Eight women and one man sit on Pittsburgh’s City Planning Commission. Mayor Bill Peduto would like to adjust that ratio.
“I would love to have Pittsburgh be the first city in America to have a planning commission that is 100% women,” the mayor said, in an interview this month. Asked whether men might look askance at that goal, he reasoned that a powerful, all-female board would send a signal that the city was addressing a historical imbalance. “All we have to do is look at the past five decades, when it was all men, [or] there may have been one woman appointed” to the commission. (As recently as 2005, the commission included seven men.)
The city’s boards and commissions now have a solid female majority. They are more racially diverse than the city’s population as a whole. The average age of city board and commission members is a decade lower than that of the countywide panels included in PublicSource’s Board Explorer project.
Peduto said that’s a result of “internal conscious decision making, looking at number one the best candidates for the boards, but being very cognizant when it comes to race and gender, but also when it comes to geography, age and also identity.”
PublicSource’s review of the membership of 56 city, Allegheny County and joint boards and commissions shows a notable increase in diversity since a 2005 study of those panels. The increase is most pronounced on the city side. Countywide panels tend to skew male, and are whiter than their city counterparts.
Allegheny County Executive Rich Fitzgerald did not respond to requests for an interview for this story.
In 2005, as a member of city council, Peduto sponsored legislation aimed at diversifying the panels that make many decisions on development, public utilities and quality of life improvements in the city. He applauded businesses and nonprofits for consciously bringing women and minorities into leadership, thus creating more highly qualified candidates for civic boards.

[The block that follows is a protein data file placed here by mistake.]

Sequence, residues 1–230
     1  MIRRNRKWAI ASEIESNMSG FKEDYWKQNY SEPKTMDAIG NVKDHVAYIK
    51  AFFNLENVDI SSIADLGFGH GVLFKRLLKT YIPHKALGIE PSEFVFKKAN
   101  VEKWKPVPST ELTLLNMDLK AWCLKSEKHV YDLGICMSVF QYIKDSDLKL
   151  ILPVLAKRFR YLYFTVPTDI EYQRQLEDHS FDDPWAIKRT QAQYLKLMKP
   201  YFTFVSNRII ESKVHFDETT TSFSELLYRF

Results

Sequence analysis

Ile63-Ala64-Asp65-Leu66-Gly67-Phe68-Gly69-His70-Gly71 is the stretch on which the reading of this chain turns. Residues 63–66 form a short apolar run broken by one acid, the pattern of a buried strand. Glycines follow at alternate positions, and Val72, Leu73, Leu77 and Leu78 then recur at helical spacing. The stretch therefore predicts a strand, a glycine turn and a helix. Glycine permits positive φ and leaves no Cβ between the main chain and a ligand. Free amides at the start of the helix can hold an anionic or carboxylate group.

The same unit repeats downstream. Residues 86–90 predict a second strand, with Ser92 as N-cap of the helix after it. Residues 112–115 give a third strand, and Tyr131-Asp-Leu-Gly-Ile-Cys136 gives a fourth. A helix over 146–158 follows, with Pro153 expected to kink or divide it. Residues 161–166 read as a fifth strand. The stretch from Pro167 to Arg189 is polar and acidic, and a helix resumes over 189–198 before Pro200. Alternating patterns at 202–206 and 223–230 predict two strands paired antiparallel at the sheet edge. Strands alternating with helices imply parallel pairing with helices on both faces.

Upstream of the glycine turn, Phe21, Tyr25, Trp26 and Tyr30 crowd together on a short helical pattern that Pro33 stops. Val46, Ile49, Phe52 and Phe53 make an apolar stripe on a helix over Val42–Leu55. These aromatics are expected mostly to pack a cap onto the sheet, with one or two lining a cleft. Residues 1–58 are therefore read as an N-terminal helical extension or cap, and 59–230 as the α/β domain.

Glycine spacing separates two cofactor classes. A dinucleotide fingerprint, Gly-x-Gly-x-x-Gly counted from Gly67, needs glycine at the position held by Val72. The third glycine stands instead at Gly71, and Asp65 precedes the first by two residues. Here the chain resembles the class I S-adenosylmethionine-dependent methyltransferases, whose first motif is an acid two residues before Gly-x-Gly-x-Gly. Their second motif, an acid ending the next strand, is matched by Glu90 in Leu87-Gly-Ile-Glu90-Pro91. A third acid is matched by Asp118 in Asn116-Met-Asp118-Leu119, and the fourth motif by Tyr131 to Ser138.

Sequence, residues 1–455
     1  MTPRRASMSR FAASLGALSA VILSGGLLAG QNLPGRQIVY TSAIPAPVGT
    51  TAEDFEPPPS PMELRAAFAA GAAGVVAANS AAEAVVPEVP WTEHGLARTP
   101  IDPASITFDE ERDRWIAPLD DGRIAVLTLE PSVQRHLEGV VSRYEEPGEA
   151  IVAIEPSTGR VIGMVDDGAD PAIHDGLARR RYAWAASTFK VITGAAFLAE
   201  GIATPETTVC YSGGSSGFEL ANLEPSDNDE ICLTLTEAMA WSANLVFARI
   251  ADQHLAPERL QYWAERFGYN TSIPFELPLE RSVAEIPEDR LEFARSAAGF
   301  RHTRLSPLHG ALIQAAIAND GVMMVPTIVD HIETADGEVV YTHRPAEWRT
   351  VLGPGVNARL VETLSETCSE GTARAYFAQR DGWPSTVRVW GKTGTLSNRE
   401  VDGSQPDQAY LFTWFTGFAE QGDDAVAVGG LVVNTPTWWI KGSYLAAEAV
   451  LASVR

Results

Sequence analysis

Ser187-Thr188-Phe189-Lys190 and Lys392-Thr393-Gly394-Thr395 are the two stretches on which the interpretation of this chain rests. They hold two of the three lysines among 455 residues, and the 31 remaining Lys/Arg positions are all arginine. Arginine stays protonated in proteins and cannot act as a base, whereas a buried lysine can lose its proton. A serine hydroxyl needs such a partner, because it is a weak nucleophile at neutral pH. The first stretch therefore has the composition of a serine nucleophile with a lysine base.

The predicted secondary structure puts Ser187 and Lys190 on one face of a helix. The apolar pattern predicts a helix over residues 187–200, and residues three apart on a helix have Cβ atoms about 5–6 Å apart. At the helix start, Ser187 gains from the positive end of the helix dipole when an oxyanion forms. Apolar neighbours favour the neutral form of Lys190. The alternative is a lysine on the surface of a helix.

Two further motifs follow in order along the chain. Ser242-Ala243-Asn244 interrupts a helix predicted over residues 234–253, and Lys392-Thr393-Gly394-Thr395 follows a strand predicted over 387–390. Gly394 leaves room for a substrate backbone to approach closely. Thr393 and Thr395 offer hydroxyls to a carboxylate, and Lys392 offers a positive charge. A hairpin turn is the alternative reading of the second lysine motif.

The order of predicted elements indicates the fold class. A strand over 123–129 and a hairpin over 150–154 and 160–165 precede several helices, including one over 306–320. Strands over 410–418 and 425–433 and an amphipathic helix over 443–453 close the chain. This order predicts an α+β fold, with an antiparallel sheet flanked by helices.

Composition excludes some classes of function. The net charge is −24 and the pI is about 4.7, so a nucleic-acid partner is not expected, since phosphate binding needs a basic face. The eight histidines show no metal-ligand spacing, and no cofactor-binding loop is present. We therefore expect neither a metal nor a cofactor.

He said diverse boards and commissions have resulted in changes in the priorities of important arms of the city, like the Urban Redevelopment Authority [URA].
“Since our administration started in 2014, the URA has been majority-minority, three black members and two white members,” he said. “What that has led to is a complete transformation,” he added, pointing to an emphasis on neighborhood-guided development in mostly-Black areas.
The job isn’t done, the mayor said. If the city is to continue to improve the representativeness of its boards and commissions, he may have to disappoint a few friends, he said.
“Seats come up almost constantly, and the people that have those seats want to hold on to them, and oftentimes we want to be able to give other people an opportunity,” Peduto said. Occasionally, appointees “will feel hurt” if they are not asked to serve another term, he said. But it’s rare that a departing board member gets upset. “I can count the number on the fingers of one hand.”
Rich Lord is PublicSource’s economic development reporter. He can be reached at firstname.lastname@example.org or on Twitter @richelord.